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Viral Illnesses - Flu, RSV, COVID or a Cold?

Viral Illnesses - Flu, RSV, COVID or a Cold?

These past few years have been unique with regards to viral illnesses. For many kids, they just experienced their first "normal" year of school or daycare. We typically expect kids to get 8-10 colds their first year exposed to a community environment. While these are often frustrating, they are self limited and generally well tolerated with symptom relief (over-the-counter medication, rest, hydration)


Fever lasting more than 3 days, respiratory distress and poor intake (fluids) leading to dehydration are the main reasons we need to see children in the office. 

Most kids do not need routine viral testing, as it will not change their symptom management or keep them from returning to school or daycare. 


Check your child's viral illness symptoms using the chart below, and see the Respiratory Virus Guidance for core prevention, what do if you think your child has a respiratory virus and when to call your pediatric provider.

(click here to view image larger)

flu rsv covid-19 covid symptom chart sick kid child viral illnesscore prevention respiratory virus guidelines 2024what to do if you if your child has a respiratory viruswhen to call pediatrician 2024


These days, most people with COVID have a known positive exposure. If you don't know of anyone in your close circle of friends and family who has recently tested positive for COVID-19, it is less likely than the other viral illnesses right now.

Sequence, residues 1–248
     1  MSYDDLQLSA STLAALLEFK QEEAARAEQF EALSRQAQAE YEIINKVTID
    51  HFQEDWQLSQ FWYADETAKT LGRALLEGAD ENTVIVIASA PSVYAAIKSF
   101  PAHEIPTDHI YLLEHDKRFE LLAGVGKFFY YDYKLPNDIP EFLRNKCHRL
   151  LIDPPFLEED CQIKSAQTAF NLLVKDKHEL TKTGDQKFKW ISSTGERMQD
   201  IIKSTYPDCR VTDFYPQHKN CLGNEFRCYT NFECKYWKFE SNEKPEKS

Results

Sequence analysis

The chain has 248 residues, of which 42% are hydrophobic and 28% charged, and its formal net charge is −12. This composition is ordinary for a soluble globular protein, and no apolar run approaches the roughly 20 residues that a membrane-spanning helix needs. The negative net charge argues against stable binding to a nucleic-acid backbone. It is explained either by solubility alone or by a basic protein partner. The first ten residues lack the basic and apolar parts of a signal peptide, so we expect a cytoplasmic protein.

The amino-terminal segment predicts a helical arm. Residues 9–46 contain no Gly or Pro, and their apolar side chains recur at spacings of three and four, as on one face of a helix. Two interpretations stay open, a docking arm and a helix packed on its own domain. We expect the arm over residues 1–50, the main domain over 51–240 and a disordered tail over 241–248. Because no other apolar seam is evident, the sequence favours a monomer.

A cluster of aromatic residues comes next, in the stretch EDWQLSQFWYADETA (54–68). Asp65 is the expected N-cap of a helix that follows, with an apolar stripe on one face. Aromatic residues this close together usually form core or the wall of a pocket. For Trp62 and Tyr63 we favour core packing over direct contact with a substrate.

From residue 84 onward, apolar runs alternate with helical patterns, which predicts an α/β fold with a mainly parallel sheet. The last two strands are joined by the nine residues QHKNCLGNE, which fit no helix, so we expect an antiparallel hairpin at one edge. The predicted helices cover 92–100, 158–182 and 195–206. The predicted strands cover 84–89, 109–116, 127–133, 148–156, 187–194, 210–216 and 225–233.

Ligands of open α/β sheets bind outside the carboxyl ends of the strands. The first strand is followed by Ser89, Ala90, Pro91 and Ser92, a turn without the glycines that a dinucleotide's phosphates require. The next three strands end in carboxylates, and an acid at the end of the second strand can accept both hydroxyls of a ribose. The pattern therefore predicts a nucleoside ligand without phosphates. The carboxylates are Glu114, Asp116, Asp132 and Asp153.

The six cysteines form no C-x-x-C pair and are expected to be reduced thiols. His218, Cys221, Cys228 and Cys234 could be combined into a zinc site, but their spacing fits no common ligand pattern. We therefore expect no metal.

*This may likely change as the holidays approach, so make sure you are updated on your annual flu shot and COVID vaccines.


Respirator Syncytial Virus (RSV) is a common cold for most people. Kids under 2 are the highest risk for severe disease; so be vigilant in looking for fast breathing, wheezing and any respiratory distress in babies. Older kids do not need testing for RSV.

Watch a video from Dr. Edwards about RSV HERE.


Influenza (Flu) is here in our community. Kids will often have high fevers (104 F - 105 F) and fever often lasts for 4-5 days. High fever as the only symptom is not dangerous and does not need an emergency visit. While most people recover from flu fairly easily, it can cause severe illness in younger children (under 5), children with underlying chronic illness (asthma, diabetes) and in immunocompromised adults. Please call for an appointment if you are worried about your child with flu.

*It is never too late to get your flu vaccine, even if you've already had one diagnosed flu infection this year. Typically we get more than one flu season each year.

Read more about the flu, and watch videos from Dr. Lester and Dr. Parmele on prevention and treatment tips HERE.


For specific concerns about cough, and home management resources, watch a video from Dr. Edwards HERE.

For specific concerns about fever, and home management resources, watch a video from Dr. Edwards HERE.


As always, we are here for your family for any concerns and our nurse advice line is available by calling our main number 24/7, 365 days a year. 

We hope this information is helpful and provides more guidance (and maybe even some relief) on if your child needs to be seen in the office.


This article was updated on 3.20.24.